Since REITs do not retain a lot of earnings, they usually need others sources of financing. The less debts they have, the better. But keep in mind that a rise in interests could affect a lot a REIT if the debt load is too high.
Do not rely on the P/E ratio – get to know what is the FFO
The price/earning ratio cannot be used to analyze REITs. The investor must use the FFO (funds from operations). Lowell Miller, the author of the Single Best Investment, suggests it should be no more than 10-12 for an established REIT and 10-14 for a fast-growing REIT.
The FFO is basically a figure to define the cashflow from their operations. It is calculated by adding depreciation and amortization expenses to earnings. It is important tothat the funds from operations is not the same as the Cash from Operations.
When you analyze a REIT you want the FFO to be growing and the dividend to be growing as well. As the payout ratio is very high, without a growing FFO it’ll be next to impossible to grow the dividend…
Don’t chase the highest yield!
Yield should normally be average at the moment you invest. There are a lot of high yield REITs out there but very high yield often comes at the expense of low or no yield growth. While a high yield can be interesting for current income, over the long term high growth of yield is what we seek for in a dividend growth strategy.
The importance of management commitment
Warren Buffett likes to see managers who have a huge stake in the business they manage. That’s a nice thing to motivate them to make you make money. Make sure management hold at least 10-15% equity or more in the REIT to make sure that your success is also their success! Managers are usually highly motivated to make the business grow when a huge part of their net worth is at risk with yours.
Where Can I find the NAV and FFO of a REIT?
This is a tricky one! Don’t search on Google Finance, Yahoo Finance, Morningstar… You won’t find the NAV and the FFO there. Instead, go directly to the website of the REIT you wish to analyze.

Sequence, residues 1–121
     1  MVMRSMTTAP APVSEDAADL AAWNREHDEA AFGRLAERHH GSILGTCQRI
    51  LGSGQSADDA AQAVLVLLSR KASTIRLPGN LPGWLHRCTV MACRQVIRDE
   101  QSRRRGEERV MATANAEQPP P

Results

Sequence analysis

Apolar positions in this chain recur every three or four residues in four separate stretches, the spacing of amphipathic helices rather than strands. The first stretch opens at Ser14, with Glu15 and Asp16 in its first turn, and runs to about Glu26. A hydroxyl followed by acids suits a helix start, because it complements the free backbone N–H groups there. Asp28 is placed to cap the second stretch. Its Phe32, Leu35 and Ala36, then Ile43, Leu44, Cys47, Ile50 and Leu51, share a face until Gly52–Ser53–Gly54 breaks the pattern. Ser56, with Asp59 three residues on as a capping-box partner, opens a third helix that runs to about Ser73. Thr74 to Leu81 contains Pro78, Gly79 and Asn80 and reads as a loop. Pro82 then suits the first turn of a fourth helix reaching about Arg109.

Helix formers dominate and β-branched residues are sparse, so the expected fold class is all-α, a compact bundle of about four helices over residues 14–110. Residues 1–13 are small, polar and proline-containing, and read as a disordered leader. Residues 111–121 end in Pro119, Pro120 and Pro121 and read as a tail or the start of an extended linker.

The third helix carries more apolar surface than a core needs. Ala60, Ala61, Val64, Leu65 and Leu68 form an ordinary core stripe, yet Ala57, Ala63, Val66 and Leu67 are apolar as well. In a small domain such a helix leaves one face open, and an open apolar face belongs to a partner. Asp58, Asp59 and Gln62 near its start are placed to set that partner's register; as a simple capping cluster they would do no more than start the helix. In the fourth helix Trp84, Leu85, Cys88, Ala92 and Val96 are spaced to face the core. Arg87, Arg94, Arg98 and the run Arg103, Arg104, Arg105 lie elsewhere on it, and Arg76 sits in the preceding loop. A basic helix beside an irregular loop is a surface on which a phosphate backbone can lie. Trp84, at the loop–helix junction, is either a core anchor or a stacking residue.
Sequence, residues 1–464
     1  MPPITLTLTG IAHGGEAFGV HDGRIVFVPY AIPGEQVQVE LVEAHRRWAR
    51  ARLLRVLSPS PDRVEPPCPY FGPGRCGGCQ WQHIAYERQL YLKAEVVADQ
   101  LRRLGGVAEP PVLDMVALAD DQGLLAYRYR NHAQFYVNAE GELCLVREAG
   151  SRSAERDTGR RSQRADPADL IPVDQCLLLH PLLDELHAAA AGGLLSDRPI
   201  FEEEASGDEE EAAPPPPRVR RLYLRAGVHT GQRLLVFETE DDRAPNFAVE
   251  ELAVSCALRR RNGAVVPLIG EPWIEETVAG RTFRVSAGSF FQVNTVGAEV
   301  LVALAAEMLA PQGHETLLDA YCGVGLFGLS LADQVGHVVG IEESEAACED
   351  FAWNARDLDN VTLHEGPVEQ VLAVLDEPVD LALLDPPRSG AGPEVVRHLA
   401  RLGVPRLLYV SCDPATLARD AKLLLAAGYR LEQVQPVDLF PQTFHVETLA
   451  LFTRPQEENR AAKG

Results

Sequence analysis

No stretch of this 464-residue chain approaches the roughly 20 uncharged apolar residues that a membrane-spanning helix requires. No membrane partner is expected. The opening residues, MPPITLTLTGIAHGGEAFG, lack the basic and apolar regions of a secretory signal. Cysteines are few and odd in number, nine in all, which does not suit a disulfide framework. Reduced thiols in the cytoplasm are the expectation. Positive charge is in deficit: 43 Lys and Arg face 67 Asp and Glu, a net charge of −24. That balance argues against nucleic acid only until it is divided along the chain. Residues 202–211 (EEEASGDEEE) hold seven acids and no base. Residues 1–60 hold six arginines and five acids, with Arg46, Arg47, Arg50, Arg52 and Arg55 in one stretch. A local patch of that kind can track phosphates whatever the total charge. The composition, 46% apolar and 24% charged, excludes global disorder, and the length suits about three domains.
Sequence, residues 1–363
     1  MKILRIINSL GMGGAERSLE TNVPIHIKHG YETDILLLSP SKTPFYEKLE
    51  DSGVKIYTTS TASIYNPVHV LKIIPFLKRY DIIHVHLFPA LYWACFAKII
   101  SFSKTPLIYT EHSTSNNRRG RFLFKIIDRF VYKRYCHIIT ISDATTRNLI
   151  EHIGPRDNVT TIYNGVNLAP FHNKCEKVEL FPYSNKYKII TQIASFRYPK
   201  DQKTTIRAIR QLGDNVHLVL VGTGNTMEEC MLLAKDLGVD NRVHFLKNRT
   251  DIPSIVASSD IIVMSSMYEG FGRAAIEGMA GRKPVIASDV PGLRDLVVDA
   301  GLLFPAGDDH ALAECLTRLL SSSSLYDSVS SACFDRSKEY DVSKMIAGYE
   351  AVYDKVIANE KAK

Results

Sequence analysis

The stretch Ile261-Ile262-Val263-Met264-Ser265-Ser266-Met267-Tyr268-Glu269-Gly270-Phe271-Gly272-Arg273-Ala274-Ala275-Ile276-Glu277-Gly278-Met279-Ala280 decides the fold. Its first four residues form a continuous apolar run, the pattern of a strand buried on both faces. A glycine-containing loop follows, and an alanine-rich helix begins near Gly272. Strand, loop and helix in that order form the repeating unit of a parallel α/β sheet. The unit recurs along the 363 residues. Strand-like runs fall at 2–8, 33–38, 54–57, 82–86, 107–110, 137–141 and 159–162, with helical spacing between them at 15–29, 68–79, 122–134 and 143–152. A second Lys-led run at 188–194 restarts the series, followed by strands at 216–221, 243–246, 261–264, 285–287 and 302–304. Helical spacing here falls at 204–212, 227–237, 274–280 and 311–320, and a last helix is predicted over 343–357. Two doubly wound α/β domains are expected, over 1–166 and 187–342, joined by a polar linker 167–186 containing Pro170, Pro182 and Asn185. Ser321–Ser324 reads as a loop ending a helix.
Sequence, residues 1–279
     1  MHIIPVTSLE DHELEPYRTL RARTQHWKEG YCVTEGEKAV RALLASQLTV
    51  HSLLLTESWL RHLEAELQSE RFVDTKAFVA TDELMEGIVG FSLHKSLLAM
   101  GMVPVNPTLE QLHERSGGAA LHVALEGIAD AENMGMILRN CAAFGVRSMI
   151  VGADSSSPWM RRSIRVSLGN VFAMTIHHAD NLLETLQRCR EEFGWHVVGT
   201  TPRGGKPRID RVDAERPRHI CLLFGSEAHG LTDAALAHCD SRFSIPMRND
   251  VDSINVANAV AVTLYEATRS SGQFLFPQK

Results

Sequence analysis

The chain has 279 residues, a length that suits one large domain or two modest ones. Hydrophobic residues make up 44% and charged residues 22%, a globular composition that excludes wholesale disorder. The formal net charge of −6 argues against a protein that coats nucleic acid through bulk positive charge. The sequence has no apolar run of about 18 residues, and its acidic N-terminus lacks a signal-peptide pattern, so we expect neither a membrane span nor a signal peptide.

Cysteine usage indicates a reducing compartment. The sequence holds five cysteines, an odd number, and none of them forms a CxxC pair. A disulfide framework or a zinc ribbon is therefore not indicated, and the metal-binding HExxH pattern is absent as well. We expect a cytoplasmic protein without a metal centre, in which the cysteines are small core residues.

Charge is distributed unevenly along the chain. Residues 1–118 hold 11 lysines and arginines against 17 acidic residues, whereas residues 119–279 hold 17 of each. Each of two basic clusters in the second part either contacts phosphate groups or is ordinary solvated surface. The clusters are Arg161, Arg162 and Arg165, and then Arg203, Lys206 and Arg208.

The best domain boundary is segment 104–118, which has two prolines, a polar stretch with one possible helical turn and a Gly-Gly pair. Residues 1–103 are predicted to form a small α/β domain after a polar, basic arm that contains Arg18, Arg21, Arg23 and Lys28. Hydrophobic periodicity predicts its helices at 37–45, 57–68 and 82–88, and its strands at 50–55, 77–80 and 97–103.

Realty Income (O), is an investor friendly REIT and they provide a lot of cool information to help the investor. As such, it makes a good example.
You could also download the REIT.com app which provide the FFO for many of the listed REITs, but not all of them.
Ultimately, you could calculate the FFO by yourself :
Funds from Operations (FFO) = Net income + Depreciation + Amortization – Gains on sales of properties
For the NAV, things get even trickier.
Book value per share doesn’t apply to REIT analysis. The NAV is an attempt to replace the book value by taking into consideration the market value of the buildings. The NAV is simply the market value of all the buildings less the mortgages. This gives you what we call the equity or net asset value (NAV).
What are the downsides of REITs?
Doing your taxes can definitely become a headache… As a Canadian, I will hold my Canadian REITs in my tax free saving account. In this account, they are not taxable for now. My US REITs are hold into my RRSP account. They won’t be taxable until I retire and then all of the income I’m going to take out of my RRSP will be taxed as regular income. This is a good way to avoid the headache…
A second downside is that REITs are exposed a lot to mortgage rate variations and as such, since we all know where the rates are at right now… I guess they can only go up… When? Who knows… How fast? Who knows… But this could potentially affect their capacity of paying rising or high dividends. But, Keith Park from DivHut.com, one of my fellow bloggers, has written a great post on that question recently and his conclusions are very interesting. The comments from the visitors are as interesting as his post. I suggest you go read that.
If you’d like to learn more on the subject, I suggest you visit this website : REIT.com or you could also buy the following book which is, to my own belief, the best book about dividend growth investing. It’s probably one of the best investments you’ll make in your life :
Image courtesy of Simon Howden/ FreeDigitalPhotos.net